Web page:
In terms of chip-set technology, the E-M5 uses a more advanced image processing engine (TruePic VI) than the E-P1 (TruePic V), with benefits for noise reduction, color accuracy, and processing speed.
While the two cameras under review share the same sensor size, the E-M5 offers a higher resolution of 15.9 megapixels, compared with 12.2 MP of the E-P1. This megapixels advantage translates into a 14 percent gain in linear resolution. On the other hand, these sensor specs imply that the E-M5 has a higher pixel density and a smaller size of the individual pixel (with a pixel pitch of 3.76μm versus 4.29μm for the E-P1). In this context, it should be noted, however, that the E-M5 is much more recent (by 2 years and 7 months) than the E-P1, and its sensor will have benefitted from technological advances during this time that compensate for the smaller pixel size.
The resolution advantage of the Olympus E-M5 implies greater flexibility for cropping images or the possibility to print larger pictures. The maximum print size of the E-M5 for good quality output (200 dots per inch) amounts to 23 x 17.3 inches or 58.5 x 43.9 cm, for very good quality (250 dpi) 18.4 x 13.8 inches or 46.8 x 35.1 cm, and for excellent quality (300 dpi) 15.4 x 11.5 inches or 39 x 29.3 cm. The corresponding values for the Olympus E-P1 are 20.2 x 15.1 inches or 51.2 x 38.4 cm for good quality, 16.1 x 12.1 inches or 41 x 30.7 cm for very good quality, and 13.4 x 10.1 inches or 34.1 x 25.6 cm for excellent quality prints.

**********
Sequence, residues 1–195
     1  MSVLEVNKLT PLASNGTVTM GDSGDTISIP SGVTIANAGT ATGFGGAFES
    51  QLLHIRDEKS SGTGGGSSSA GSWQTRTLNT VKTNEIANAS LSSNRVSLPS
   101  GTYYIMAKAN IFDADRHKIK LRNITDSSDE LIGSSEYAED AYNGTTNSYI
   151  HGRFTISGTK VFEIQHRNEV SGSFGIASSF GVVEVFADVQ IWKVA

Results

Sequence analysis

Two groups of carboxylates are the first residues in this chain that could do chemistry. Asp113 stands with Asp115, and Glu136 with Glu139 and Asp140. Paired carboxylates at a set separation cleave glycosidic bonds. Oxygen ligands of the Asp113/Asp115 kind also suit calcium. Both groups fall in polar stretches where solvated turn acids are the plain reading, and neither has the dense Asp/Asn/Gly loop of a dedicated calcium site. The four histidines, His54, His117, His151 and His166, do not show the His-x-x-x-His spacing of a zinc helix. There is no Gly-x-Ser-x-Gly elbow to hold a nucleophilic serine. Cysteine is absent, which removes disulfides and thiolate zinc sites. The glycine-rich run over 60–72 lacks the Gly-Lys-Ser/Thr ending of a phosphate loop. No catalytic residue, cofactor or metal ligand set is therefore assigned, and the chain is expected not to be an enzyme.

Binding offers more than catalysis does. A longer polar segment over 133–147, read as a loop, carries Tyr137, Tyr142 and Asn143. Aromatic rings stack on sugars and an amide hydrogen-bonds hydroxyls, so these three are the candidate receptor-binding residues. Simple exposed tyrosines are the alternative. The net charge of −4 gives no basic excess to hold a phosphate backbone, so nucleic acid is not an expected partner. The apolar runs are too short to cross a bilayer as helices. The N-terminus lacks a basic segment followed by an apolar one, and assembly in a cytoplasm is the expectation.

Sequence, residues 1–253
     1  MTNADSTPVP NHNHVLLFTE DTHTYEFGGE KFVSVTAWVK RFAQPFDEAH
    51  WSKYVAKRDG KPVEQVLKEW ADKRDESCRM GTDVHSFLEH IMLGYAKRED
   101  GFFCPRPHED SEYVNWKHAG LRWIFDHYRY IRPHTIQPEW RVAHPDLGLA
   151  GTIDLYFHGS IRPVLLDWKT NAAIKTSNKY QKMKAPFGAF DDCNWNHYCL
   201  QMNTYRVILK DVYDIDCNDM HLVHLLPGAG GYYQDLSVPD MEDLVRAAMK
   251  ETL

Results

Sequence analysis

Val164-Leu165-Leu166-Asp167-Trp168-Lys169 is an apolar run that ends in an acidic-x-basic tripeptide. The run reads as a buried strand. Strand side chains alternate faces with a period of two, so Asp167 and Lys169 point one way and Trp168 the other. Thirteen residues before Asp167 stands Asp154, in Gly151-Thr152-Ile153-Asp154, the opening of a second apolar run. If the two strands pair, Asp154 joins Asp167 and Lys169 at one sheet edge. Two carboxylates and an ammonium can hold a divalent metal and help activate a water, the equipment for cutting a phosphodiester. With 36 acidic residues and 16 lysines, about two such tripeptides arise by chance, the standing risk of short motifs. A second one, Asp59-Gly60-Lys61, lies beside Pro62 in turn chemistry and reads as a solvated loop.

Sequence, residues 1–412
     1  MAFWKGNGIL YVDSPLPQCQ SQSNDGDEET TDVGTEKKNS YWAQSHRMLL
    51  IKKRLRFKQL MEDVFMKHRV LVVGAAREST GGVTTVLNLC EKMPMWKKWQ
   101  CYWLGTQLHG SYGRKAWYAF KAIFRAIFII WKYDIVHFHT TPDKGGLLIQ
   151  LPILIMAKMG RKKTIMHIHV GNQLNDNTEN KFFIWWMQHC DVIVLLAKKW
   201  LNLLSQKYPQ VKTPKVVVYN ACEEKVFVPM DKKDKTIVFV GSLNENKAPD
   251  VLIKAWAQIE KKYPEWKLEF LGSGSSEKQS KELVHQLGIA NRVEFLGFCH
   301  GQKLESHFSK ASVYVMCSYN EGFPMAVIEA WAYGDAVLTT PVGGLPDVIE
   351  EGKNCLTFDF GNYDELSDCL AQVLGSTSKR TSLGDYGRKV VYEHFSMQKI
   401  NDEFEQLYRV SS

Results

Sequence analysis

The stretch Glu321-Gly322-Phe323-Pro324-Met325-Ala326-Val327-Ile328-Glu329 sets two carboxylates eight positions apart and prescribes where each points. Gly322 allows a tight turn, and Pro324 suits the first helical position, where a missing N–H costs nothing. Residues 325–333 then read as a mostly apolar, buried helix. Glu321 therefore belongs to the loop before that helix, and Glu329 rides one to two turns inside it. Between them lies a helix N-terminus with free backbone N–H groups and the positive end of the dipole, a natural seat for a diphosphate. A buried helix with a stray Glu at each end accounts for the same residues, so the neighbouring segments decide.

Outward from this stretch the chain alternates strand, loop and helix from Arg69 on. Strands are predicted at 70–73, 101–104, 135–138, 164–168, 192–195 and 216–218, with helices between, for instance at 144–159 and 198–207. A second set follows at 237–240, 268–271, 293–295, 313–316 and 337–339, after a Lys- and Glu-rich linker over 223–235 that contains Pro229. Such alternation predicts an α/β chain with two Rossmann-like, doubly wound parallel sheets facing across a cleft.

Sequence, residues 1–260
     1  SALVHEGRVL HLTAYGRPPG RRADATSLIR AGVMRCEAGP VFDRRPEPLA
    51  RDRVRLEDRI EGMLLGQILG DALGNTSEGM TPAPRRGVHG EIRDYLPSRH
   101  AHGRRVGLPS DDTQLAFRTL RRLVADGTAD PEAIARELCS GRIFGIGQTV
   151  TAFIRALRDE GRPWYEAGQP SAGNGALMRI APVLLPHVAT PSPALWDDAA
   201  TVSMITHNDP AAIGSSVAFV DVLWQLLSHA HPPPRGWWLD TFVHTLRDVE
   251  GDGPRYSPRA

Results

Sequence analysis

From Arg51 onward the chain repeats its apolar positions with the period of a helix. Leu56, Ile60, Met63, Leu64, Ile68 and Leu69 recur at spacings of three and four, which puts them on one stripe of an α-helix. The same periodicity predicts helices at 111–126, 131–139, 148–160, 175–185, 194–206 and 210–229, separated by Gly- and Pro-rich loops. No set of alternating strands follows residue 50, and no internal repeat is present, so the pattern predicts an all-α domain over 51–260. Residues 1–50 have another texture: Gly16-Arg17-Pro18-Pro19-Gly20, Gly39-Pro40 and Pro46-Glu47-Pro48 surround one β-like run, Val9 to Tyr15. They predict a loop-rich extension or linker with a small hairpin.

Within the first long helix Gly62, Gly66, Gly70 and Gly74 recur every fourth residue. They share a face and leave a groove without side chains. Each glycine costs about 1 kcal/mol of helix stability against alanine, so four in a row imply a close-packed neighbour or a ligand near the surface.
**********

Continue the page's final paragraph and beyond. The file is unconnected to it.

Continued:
The Olympus OM-D E-M5 has a native sensitivity range from ISO 200 to ISO 25600. The corresponding ISO settings for the Olympus PEN E-P1 are ISO 100 to ISO 6400 (no boost).
For many cameras, data on sensor performance has been reported by DXO Mark. This service assesses and scores the color depth ("DXO Portrait"), dynamic range ("DXO Landscape"), and low-light sensitivity ("DXO Sports") of camera sensors, and also publishes an overall camera score. Of the two cameras under review, the E-M5 provides substantially higher image quality than the E-P1, with an overall score that is 16 points higher. This advantage is based on 1.4 bits higher color depth, 1.9 EV in additional dynamic range, and 0.6 stops in additional low light sensitivity. The following table provides an overview of the physical sensor characteristics, as well as the sensor quality measurements for a selection of comparators.
| DXO |
|1.||Olympus E-M5||Four Thirds||15.9||4608||3456||1080/60i||22.8||12.3||826||71|
|2.||Olympus E-P1||Four Thirds||12.2||4032||3024||720/30p||21.4||10.4||536||55|
|3.||Olympus PEN-F||Four Thirds||20.2||5184||3888||1080/60p||23.1||12.4||894||74|
|4.||Olympus E-M5 II||Four Thirds||15.9||4608||3456||1080/60p||23.0||12.5||842||73|
|5.||Olympus E-PL7||Four Thirds||15.9||4608||3456||1080/30p||22.7||12.4||873||72|